Byzantium

A centurion crosses the hill of his fathers,
years swallowed down like wine.

Hair falls loose and curling over his temples,
stained, pitted, from campaign.

On the knoll, over a wind-swept town,
he stops. Watches smoke rise from the valley.

Pillage-poor, his sisters squawk in the streets,
husbands gone down to the ground.

He brought men here for them: It will be all right.
It may never be all right again.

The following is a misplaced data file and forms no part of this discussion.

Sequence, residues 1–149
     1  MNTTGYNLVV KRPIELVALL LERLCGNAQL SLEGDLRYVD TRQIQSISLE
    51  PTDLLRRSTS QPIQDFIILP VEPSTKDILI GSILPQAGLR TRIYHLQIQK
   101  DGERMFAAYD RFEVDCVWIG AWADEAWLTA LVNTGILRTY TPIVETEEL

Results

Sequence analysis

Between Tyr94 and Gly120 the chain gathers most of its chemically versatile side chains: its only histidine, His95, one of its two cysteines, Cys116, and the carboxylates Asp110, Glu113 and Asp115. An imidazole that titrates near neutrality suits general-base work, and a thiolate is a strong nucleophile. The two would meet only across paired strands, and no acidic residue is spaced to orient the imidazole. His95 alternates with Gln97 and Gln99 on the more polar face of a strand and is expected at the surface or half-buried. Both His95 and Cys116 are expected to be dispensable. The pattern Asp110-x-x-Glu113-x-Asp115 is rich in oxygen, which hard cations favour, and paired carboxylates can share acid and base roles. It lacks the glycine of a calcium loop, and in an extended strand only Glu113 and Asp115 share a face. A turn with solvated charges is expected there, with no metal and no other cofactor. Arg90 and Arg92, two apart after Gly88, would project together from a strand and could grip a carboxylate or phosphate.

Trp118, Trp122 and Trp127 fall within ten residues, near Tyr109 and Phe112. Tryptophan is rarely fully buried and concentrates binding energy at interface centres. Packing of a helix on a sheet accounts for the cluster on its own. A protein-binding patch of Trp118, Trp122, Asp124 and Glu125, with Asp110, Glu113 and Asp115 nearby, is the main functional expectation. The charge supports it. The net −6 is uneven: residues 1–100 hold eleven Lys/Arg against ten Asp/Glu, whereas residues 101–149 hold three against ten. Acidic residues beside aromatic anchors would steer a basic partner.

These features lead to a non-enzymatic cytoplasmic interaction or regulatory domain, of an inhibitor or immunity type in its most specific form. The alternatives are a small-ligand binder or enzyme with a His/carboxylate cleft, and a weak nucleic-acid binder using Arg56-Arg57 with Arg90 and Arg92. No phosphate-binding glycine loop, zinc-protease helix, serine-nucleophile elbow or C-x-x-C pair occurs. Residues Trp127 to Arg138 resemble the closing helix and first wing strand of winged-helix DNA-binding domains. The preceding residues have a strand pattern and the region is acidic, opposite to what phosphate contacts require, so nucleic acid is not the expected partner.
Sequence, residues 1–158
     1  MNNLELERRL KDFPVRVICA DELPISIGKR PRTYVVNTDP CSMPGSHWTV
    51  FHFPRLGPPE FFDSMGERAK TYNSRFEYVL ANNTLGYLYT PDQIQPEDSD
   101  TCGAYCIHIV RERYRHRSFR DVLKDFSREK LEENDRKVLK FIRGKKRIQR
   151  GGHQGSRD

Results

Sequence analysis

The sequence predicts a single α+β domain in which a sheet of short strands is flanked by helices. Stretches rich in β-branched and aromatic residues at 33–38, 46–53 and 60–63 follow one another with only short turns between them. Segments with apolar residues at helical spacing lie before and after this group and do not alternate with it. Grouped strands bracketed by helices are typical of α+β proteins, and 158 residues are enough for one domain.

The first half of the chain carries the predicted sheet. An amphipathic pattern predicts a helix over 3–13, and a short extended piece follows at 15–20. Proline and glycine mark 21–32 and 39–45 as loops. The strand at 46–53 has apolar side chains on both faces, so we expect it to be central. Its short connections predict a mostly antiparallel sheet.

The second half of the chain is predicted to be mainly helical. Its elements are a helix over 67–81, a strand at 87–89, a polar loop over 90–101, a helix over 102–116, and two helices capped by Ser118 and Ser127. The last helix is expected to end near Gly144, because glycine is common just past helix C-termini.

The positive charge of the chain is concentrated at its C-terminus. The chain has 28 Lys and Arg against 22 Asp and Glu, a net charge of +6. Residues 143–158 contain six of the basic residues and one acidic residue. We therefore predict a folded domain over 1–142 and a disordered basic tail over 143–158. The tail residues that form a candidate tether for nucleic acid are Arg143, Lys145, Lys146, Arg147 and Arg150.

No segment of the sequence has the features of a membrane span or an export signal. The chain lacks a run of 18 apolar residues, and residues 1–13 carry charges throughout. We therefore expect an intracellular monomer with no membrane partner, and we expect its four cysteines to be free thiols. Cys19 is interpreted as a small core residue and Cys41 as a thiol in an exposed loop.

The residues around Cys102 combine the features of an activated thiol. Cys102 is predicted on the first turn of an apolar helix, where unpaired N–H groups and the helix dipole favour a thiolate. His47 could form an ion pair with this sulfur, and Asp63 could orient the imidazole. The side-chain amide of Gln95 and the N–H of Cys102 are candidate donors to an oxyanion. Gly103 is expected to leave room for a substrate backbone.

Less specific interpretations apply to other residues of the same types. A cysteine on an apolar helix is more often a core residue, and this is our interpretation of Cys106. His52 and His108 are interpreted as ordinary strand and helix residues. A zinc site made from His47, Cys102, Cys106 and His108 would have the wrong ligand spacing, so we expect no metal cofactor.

He rides slow over the boyhood slopes,
slower still down to the river of his birth.

All moments led to this moment, this ending of endings—
under his war-clouds, the Lycus burns.

Photo by Simone Pellegrini on Unsplash.

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